A brief history of the Onset Bathhouse

Nov 3, 2018

To the Editor:

The current Onset Bathhouse is the third one to be built on the original foundation and footings. The first bathhouse was built some time before the summer of 1924, and apparently coincided with the replacement of the dirt paths on the bluffs with cement walkways. Some of these walkways and steps were configured to accommodate the second floor on the bathhouse, and are still there.

The rear wall of the bathhouse is also a retaining wall against the slope of the bluffs, and is an integral part of all three bathhouses. It was never destroyed, and along with the concrete footings for the other sides of the bathhouse, forms the foundation for the current as well as any new building. Because parts of the original building are included in the new building it is not a complete demolition, but rather an extensive renovation.

The first bathhouse had a second floor with a promenade that ran the full length and a covered center section which housed a commercial establishment selling cigars, cold drinks and ice cream. It would have necessarily had an electrical service and a water service, therefore expenses to operate and maintain the building.

During the depression, the WPA did a lot of work around Onset, and it appears that a part of that work was to build a concrete walkway along the front of the bath house and along the beach. The walkway in front of the bathhouse is still accessible, but the one along the beach is buried under a couple of feet of sand, which came from harbor dredging. The first bath house was destroyed by the 1938 hurricane, most likely battered by boats and rafts that broke free from moorings. Any flood waters would have just rushed in and drained out through the freeing ports along the base of the front wall.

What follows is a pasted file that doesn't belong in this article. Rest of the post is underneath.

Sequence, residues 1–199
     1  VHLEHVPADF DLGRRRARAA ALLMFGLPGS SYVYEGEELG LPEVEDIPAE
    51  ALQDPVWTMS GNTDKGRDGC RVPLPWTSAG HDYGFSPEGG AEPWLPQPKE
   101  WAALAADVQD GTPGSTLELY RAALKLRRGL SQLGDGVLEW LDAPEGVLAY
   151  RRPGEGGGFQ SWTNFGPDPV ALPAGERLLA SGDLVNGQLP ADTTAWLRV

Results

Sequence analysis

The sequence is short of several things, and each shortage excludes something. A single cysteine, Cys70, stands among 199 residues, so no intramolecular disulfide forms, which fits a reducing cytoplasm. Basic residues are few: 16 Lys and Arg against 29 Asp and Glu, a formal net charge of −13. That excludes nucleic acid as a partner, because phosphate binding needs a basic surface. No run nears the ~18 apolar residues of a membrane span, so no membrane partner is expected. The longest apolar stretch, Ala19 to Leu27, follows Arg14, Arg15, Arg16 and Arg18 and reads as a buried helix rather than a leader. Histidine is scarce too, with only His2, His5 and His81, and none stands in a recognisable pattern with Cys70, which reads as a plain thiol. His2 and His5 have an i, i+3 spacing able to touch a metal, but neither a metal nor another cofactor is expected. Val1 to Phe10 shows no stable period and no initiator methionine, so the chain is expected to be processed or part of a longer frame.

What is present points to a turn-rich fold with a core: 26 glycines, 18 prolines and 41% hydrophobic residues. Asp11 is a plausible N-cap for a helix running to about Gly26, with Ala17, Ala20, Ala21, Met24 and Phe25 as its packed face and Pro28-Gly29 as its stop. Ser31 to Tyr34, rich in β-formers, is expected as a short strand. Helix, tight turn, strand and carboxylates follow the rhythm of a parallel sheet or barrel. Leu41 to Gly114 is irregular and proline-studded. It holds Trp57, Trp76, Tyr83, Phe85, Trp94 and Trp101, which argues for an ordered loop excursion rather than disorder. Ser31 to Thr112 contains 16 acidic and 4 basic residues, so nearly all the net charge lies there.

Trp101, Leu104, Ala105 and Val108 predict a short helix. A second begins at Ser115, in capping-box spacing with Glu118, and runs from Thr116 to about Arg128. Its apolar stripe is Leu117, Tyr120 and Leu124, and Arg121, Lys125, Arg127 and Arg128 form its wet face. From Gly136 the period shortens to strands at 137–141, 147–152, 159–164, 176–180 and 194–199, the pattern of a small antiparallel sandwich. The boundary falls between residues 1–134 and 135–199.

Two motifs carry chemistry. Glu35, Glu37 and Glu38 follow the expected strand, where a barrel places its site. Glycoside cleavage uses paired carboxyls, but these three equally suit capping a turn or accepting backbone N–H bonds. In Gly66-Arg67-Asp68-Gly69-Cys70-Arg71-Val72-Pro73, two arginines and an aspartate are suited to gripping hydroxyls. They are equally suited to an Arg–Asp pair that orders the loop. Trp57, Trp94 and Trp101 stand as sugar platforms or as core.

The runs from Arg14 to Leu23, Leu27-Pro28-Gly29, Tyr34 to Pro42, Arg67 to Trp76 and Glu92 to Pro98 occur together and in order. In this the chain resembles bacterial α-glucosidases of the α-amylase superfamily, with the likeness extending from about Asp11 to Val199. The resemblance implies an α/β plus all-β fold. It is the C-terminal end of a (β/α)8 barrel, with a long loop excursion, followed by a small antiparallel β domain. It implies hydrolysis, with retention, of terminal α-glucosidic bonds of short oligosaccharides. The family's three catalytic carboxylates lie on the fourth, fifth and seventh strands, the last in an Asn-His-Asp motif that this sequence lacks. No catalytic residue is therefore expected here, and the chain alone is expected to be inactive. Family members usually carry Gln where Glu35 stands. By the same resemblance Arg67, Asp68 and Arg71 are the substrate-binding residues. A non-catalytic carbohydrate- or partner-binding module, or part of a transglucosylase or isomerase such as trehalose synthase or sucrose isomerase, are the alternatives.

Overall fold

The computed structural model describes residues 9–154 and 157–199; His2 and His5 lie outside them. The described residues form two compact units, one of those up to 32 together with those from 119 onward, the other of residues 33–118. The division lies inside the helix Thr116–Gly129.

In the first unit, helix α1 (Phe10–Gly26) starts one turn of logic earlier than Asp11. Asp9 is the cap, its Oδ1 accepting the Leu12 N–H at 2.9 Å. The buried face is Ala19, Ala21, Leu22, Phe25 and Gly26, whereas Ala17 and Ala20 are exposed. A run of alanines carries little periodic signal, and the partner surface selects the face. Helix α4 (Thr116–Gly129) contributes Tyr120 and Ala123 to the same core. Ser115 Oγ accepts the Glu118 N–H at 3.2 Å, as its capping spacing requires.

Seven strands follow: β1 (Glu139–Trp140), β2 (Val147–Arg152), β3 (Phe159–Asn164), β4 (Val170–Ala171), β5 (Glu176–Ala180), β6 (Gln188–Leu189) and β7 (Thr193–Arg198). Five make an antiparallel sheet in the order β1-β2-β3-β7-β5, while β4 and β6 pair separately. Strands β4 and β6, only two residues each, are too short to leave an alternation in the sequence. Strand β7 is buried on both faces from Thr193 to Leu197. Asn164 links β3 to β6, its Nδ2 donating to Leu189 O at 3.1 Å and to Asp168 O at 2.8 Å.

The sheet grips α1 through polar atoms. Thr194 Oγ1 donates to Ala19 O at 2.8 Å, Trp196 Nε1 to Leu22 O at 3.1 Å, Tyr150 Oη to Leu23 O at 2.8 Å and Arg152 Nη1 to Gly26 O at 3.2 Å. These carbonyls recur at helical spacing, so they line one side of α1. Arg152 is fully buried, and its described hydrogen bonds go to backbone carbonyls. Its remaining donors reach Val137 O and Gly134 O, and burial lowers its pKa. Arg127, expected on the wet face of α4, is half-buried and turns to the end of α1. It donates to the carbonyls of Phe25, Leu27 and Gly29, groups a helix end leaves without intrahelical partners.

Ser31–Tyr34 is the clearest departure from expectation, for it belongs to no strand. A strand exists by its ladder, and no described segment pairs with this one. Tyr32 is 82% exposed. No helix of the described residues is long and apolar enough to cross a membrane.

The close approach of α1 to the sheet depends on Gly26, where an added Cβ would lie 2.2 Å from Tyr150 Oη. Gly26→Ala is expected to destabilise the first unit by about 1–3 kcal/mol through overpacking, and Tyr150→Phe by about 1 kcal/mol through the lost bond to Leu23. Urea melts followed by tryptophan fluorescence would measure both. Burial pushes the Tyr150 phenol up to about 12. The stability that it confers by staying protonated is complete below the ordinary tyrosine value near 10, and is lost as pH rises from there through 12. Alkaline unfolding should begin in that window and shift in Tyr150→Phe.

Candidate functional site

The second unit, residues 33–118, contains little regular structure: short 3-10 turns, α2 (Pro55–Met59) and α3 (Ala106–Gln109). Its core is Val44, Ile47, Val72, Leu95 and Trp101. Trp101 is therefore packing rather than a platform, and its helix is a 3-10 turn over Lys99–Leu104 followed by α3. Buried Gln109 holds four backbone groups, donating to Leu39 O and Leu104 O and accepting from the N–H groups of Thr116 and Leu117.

The bathhouse was replaced by a second wooden structure, using the same back wall and footings and foundation. It was also a two-floor building, although not as extensive as the first building. It had an open pavilion in the center, accessible by the steps and walkways on the bluffs, and was used for band concerts along with other activities.

There was also a snack bar located on the pier end of the bathhouse, and a lifeguard/first aid station on the other end. This bathhouse was wrecked during the 1954 hurricane, again due to battering by boats and rafts, as Wareham had no mooring regulations at the time.

The wooden structure was rebuilt, using the same back wall and foundation and footings, but without the second floor. The snack bar remained for many years, but the downfall and disuse of the structure was driven by sewerage disposal issues. There used to be cesspools in the sidewalk, and shower drains run directly onto the beach, but this arrangement was eventually viewed as unsanitary, and the cost of putting a sewer line into the bath house was prohibitive. That put an end to the snack bar and showers and toilets in the bath house, and the building was allowed to dissipate into the condition that we now see.

Len Gay